On Poetry and Culture Shock

The obligatory New York chronicle

New York, New York's a wonderful town./The Bronx is up, but the Battery's down.-On the Town

This is not a journal-style blog. This is not The Life and Opinions of La Guiri. I’m not attracted to that sort of blog, and I hope this is not perceived as Welcome to La Guiri’s Private Thoughts. That was why when I went to Washington I didn’t write a chronicle, but a series of very shot anecdotes that fitted in the Culture Shock section, one at a time. New York is different. On the one hand, I don’t want to do an individual NYC chronicle for each one of those interested, and on the other hand, NYC is nor an orderly, well-behaved, one-anecdote-at-a-time place like Washington was.

So, there we go. A little chronicle of my New York holiday. An acclaration first: I live in Ithaca, New York State, five to six hours and 90$ away from New York City. New York State is nearly as big as Spain.

I like the island Manhattan, Smoke on your pipe and put that in –West Side Story

When people say New York, they mean Manhattan. Manhattan is weird because it is divided in neighbourhoods, but it is so densely populated that they are all cramped together. Walk a couple blocks and everything around you: architecture, looks of the people, shops, and the like, is changed. The most drastic change I walked by was the transformation of the poshest bit in Manhattan, the Upper East Side, into East Harlem. Look front, and people are a mix of black and Latino, the buildings are low and in red brick and the shops sell mostly junk food. Look back and the buildings are twice as tall, white, the people are white women with exquisite hairdos, and the shops sell handbags. It is like jumping channels on TV from Sex and the City to some scary movie about drugs and inner-city kids. The subway doesn’t charge you in zones, so it is wonderful to just take any train, go to the other end of town and enjoy the different landscape. In that sense, New York is a wonderfully democratic city, unlike London, where the underground is divided in zones. Since everyone everywhere always wants to go towards the centre, a zone system punishes the people who live outside, which are precisely the ones that (one would guess) have less money to spend. Can anyone tell me if I am wrong about London?

I want to wake up in that city that doesn't sleep -Frank Sinatra

So, on my first day I explored Chinatown and the Lower East Side, a hippie area in the Spanish sense of the word. In Spain, there are people, mostly young women, who are in horror of anything that looks too clean, too polished, too bourgeois, because they perceive that as politically conservative. We call that sort of people "hippies"; they are fiercely snob and they hardly ever are politically active like English-speaking hippies. Spanish hippies would adore the Lower East Side, an area of old houses that look neglected, where the shops are trendy and original. It blends with Chinatown; that part mixes the shops that sell junk to tourists with supermarkets and other food shops with weird things that you wouldn’t see in normal shops, like strange dried fish, or Asian sweeties. That area had so much to see, just walking, you cold spend days just looking at the people and the shops. Don’t go there at night; if Times Square looks like Blade Runner, Chinatown by night looks like the dodgy bits from Blade Runner. Dirty, dark and depressing.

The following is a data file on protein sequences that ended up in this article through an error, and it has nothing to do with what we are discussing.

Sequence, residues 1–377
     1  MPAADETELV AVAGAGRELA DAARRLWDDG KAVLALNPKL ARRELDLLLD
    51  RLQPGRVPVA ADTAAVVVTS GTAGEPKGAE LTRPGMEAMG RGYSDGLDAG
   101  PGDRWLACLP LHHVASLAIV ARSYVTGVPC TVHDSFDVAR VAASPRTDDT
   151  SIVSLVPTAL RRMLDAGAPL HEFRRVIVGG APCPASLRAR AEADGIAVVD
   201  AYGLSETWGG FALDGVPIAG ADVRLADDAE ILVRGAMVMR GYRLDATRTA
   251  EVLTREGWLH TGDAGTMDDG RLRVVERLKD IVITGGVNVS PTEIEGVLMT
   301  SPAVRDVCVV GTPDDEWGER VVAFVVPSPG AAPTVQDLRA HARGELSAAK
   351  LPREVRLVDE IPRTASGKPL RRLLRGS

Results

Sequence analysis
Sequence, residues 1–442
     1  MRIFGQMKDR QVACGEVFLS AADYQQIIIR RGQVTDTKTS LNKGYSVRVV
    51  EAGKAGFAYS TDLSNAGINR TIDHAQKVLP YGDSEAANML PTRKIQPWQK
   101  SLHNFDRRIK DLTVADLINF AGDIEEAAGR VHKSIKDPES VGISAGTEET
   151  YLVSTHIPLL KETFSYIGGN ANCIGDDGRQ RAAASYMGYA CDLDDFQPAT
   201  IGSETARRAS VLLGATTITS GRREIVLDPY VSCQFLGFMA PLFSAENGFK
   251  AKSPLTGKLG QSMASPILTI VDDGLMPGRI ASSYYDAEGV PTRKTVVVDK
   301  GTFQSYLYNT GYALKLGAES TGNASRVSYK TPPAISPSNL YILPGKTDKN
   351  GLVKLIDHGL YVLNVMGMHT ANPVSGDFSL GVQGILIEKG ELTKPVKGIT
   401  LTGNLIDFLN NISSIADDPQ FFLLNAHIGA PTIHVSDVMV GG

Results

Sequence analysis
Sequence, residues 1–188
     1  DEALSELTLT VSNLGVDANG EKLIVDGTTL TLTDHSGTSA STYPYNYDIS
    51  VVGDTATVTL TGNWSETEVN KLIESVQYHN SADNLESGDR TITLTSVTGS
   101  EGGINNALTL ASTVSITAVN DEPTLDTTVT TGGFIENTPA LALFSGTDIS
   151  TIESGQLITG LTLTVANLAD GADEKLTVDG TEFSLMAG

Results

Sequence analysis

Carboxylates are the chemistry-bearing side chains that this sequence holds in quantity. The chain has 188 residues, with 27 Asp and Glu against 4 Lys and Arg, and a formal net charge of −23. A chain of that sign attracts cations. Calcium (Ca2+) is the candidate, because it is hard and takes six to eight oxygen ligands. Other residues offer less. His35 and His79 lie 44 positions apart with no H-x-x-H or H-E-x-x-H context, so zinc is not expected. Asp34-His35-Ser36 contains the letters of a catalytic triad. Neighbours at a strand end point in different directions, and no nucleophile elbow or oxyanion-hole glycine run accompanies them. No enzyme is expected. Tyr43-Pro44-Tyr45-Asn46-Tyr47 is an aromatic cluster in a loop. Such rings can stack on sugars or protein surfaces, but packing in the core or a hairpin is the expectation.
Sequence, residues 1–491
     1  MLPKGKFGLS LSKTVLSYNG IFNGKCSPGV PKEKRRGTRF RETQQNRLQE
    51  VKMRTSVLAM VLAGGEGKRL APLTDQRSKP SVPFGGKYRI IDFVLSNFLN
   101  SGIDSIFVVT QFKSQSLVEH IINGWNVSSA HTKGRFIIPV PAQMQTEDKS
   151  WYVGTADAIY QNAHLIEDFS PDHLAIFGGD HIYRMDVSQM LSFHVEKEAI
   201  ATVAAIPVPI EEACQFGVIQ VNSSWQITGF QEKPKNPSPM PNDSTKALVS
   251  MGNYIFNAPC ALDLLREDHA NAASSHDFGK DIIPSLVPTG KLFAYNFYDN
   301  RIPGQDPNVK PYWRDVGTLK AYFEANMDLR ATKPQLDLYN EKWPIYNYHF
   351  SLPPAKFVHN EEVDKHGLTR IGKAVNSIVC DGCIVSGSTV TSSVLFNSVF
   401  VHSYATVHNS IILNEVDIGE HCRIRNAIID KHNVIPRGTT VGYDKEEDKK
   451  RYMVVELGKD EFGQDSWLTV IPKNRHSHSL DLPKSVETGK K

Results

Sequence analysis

Some people had recommended me a couple of jazz clubs, and one of them is where Woody Allen plays occasionally. That’s the one I chose; of course he wasn’t there, but the music was nice. It was the bar in a luxury hotel, the sort of place where waiters call you “Ma’am” and say “of course” instead of “sure”. I thought they’d kick me out considering my looks; there’s something special in a place that calls me Madam when I’m wearing frayed jeans and my hair in a bandanna. And the wine was delicious.

Ese sitio que le dicen Nueva York, donde inentan las cosas que después me compro yo -Pedro Guerra.

I thought I wouldn’t go to the theatre because as much as I love musicals, they are prefabricated and I might as well see them in Europe. But then I saw the choices of plays, not musicals, and I couldn’t resist. It was a tough choice between A Streetcar Named Desire with Natasha Richardson and John C Reilly (the wonderful, unforgettable policeman that falls in love with a cocaine junkie in Magnolia); The Glass Menagerie with Jessica Lange and my teenage crush Christian Slater; or Hurlyburly with my other teenage crush Ethan Hawke (who am I trying to fool? I haven’t been a teenager in a long time and my crush on Hawke is still alive and well). In the end I went to see The Glass Menagerie because I have already seen one version of Streetcar, and I was too afraid of Ethan Hawke disappointing me. The actors were great, and the play was splendid. I don’t have any intentions to let my research switch continents, but this one reconciled me with American literature. Read it if you cannot see a performance, it’s gorgeous in a faded, sad way.